In a recent ruling, the Irish High Court was asked to examine the extent to which a plaintiff was required to respond to a notice for particulars. The judge examined how the obligation is affected by legislation that requires plaintiffs to provide detailed information ‘up front’ in a personal injuries summons. The judge was critical of defendant solicitors who, despite this legislation, persist in the “habitual and indiscriminate” use of notices for particulars to elicit unnecessary information from plaintiffs.
In this case, the defendants are being sued by the plaintiff for damages for personal injuries she sustained after she fell from an examination couch. The case is, therefore, a personal injuries case and not a medical negligence action. The defendants sought detailed particulars from the plaintiff. In his ruling, the judge clarified that the purpose of particulars is to convey “in broad outline” the nature of the case a party has to meet, but not the nature of the evidence the other party will use at trial. Against this backdrop, he refused, for example, to order the plaintiff to give a detailed narrative of the accident. He also refused to order the plaintiff to disclose other “irrelevant” information, such as whether she has legal cost insurance.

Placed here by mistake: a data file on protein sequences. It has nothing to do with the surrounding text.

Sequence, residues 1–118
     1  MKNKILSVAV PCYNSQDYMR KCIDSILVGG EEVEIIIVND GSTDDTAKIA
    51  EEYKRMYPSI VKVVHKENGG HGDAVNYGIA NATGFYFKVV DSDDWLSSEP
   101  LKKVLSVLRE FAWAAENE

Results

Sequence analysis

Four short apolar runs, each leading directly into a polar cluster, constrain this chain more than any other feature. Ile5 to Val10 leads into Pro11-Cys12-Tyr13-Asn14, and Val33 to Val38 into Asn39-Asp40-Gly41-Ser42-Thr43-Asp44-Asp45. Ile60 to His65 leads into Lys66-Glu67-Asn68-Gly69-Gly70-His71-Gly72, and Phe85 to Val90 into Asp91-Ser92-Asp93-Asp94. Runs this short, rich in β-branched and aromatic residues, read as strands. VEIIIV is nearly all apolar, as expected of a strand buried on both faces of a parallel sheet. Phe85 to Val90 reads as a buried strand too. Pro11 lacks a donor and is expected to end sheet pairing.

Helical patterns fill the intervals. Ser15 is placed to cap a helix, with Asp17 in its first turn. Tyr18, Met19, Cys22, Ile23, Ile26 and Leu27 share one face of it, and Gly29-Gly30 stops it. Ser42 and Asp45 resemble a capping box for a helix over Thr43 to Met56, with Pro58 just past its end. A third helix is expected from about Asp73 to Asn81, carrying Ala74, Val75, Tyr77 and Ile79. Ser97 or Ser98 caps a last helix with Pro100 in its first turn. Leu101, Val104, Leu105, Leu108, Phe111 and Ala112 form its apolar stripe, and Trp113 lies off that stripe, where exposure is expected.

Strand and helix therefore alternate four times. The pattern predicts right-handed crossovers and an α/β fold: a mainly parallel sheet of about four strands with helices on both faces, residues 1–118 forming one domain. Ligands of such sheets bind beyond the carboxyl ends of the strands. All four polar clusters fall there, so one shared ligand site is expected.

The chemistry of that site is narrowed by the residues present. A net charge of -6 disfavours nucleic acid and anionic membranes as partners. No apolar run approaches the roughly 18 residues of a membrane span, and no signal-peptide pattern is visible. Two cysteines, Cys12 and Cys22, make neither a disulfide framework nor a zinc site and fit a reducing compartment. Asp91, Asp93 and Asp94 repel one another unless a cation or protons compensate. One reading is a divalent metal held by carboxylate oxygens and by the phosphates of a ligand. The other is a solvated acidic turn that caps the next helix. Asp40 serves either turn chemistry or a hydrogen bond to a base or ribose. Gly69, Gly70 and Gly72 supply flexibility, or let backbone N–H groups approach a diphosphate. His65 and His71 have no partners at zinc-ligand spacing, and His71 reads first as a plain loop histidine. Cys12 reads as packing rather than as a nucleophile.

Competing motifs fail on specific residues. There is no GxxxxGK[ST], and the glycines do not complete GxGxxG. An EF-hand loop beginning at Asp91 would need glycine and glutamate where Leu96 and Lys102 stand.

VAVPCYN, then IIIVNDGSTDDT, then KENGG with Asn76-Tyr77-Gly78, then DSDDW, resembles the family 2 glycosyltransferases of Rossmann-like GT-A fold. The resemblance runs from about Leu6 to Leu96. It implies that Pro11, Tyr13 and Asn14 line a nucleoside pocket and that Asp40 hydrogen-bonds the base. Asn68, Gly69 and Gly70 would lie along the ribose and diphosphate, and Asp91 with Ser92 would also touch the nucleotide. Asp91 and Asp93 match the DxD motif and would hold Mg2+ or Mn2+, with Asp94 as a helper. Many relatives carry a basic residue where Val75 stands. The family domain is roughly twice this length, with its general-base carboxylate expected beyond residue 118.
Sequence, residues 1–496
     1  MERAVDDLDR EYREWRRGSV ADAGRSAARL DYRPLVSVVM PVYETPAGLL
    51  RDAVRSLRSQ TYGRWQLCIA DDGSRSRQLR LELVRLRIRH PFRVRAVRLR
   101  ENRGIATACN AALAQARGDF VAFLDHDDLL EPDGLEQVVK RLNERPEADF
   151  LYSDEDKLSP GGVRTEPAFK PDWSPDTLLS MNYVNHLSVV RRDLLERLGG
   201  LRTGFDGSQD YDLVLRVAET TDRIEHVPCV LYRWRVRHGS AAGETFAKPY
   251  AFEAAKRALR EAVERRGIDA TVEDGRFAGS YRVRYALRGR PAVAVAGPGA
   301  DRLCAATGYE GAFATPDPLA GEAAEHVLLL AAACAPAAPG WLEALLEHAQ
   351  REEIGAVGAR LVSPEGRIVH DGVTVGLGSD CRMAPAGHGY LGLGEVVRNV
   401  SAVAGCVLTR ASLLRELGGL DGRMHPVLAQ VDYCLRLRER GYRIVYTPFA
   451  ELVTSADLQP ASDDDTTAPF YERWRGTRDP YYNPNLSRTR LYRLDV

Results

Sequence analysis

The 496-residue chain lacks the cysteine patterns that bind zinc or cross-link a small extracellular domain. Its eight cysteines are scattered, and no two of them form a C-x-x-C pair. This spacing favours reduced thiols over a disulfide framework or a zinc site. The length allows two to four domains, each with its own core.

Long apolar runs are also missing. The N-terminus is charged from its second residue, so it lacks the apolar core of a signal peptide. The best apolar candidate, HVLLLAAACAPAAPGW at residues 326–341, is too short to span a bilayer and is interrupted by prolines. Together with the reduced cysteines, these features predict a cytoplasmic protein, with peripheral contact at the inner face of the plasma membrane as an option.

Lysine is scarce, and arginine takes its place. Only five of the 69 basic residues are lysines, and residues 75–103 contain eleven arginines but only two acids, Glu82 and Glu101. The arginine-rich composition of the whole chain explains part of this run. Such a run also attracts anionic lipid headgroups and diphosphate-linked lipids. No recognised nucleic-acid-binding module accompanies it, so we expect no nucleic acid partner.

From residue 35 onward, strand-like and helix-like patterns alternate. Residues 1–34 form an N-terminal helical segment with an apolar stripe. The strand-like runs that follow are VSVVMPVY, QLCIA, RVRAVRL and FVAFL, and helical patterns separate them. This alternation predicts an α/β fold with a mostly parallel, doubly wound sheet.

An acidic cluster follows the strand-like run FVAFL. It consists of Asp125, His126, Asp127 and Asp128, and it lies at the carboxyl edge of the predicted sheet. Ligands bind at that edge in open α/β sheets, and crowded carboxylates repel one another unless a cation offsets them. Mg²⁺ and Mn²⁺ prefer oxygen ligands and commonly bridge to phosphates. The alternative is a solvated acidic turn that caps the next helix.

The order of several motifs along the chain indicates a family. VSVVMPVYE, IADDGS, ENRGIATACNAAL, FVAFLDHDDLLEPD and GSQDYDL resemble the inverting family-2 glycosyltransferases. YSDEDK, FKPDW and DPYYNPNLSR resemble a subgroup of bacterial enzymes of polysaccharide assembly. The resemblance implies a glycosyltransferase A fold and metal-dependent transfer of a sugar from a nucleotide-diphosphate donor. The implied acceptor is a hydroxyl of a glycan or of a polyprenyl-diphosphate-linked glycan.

Taking a strict stance, the judge stated that requests for particulars have been “allowed to proliferate in many areas of legal practice far beyond the boundaries” envisaged, allowing defendants to obtain irrelevant information as well as elicit evidence which should be dealt with at trial. He concluded that litigators have been displaying “too much of the lion and not enough of the fox” when it comes to raising particulars. He stated that a shift towards a more “discriminating approach”, avoiding the “unnecessary and the irrelevant”, will result in genuine questioning aimed at clarifying the exact nature of the case to be answered by a party.
Though this case has been met with some enthusiasm by plaintiff firms in medical negligence cases, previous High Court decisions have clarified that the nature of medical negligence actions necessitate detailed information to be given by plaintiffs. Therefore, it remains to be seen whether the court will adopt the same strict approach when it comes to medical negligence disputes.